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Flood Protection & Disaster Preparation

The First 72 Is On You!

Personal Emergency Kit Checklist

After an emergency or disaster strikes, support and resources may not be available right away. Every home needs an emergency kit with a three-day (72 hours) supply of food, water, and other basic needs. Below is a list of the basics that should be in your emergency kit. Add to this list based on your family’s unique needs.


ü  Water (1 gallon per person per day)

ü  Food: ready to eat, requires little water

ü  Manual can opener, cooking supplies

ü  Disposable plates, cups, utensils

ü  Battery-operated/hand crank flashlights/radio

ü  Extra batteries

ü  Prescription medications

ü  Basic first aid kit

ü  Cash (small bills and coins)

ü  Games/activities for children

ü  Moist towelettes, hand sanitizer

ü   List of local shelters

ü  Pet supplies (food, water, leash, toys, license, immunization records)

ü  Baby needs (diapers, bottles, formula)

ü  Personal hygiene items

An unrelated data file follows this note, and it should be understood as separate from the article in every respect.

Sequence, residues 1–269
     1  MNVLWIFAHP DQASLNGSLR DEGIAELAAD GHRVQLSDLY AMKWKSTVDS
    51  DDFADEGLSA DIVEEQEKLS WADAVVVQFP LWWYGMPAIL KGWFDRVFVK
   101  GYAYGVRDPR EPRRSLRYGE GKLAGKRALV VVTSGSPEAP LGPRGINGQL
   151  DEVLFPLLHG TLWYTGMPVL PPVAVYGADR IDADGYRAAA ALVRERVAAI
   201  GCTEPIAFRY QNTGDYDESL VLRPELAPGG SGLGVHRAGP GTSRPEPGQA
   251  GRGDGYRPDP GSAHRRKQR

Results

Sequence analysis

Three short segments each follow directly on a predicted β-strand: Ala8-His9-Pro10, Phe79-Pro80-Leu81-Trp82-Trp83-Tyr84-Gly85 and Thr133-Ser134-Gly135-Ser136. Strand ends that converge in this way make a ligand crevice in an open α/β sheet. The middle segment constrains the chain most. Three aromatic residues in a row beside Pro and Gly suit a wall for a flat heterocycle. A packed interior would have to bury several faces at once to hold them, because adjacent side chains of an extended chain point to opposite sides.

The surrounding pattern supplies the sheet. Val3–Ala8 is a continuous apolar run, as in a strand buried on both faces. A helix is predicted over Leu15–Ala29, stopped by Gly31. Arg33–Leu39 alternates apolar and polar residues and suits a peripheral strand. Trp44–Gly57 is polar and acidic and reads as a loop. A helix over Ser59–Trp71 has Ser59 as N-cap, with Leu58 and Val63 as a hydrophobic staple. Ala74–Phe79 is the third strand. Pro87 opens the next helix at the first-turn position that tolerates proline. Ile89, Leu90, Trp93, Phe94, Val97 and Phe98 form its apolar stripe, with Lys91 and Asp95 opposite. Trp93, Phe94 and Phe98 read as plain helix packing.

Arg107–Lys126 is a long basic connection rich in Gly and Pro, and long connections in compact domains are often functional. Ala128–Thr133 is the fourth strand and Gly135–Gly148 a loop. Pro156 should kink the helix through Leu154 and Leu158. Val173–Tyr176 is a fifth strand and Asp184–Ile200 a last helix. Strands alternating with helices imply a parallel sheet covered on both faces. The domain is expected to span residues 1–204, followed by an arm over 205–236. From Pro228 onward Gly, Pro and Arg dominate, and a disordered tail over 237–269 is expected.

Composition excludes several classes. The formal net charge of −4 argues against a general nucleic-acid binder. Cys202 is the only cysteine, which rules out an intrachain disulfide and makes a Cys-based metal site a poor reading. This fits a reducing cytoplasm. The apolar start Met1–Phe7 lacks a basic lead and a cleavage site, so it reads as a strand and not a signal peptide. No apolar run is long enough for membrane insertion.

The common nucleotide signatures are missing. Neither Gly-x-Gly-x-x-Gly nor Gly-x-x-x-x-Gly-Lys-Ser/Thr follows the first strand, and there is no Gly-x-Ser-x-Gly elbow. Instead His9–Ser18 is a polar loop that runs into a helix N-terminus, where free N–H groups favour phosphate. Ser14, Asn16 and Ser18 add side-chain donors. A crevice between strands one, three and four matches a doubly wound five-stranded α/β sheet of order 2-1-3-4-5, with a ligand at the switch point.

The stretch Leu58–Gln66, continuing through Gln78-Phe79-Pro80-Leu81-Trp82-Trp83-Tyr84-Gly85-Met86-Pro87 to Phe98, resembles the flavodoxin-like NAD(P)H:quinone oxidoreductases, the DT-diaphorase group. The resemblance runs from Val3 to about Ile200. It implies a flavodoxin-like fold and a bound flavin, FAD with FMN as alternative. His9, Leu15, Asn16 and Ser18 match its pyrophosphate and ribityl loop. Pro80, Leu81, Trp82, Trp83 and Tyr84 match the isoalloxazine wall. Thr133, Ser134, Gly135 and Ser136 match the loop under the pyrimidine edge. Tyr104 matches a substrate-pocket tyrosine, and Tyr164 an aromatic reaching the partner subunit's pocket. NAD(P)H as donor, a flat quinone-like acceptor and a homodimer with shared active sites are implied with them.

ü  Important family documents

ü  Cell phone charger

ü  Emergency contact list

ü  Plastic sheeting

ü  Duct tape

ü  Waterproof matches

ü  Utility knife


Put items in a large, waterproof container (large plastic garbage can with lid and wheels) that you can move easily. Store your disaster kit in a clean, dry, and accessible location. Every six months, check your emergency kit for items that may be broken, damaged or expired. Replace any item that is not safe to use.

 SMC Alert Register at SMC ALERT to receive notifications during urgent or emergency situations. You can set alerts to send emergency and non-emergency text and voice messages.
 San Francisquito Creek Monitor San Francisquito Creek levels and sign up to receive alerts specific to the creek flood conditions.   
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 Flooding  Sandbags

Latest Updates – Fall, 2015

CERTMany of our community’s streets, homes, and businesses are adjacent to San Francisquito Creek and the San Francisco Bay, and a number of these areas are subject to potentially major flood events. Floods can cause significant property damage and force evacuation of residents, and can be life-threatening. Being prepared for a flood (and for other disasters such as fire or earthquake) is your best defense and the right way to make sure you and your family are safe. It doesn’t take long to put a few key disaster preparation tips into place – and after you do, you’ll be better prepared to handle a flood, fire, or earthquake, and protect your family and your property. 

FireUse the links on this page to help you learn about, prepare for, and endure a flood or other disaster situation. Here, you’ll find information about protecting your home from flood and what to do if a flood occurs, as well as general disaster preparation information and links to important resources.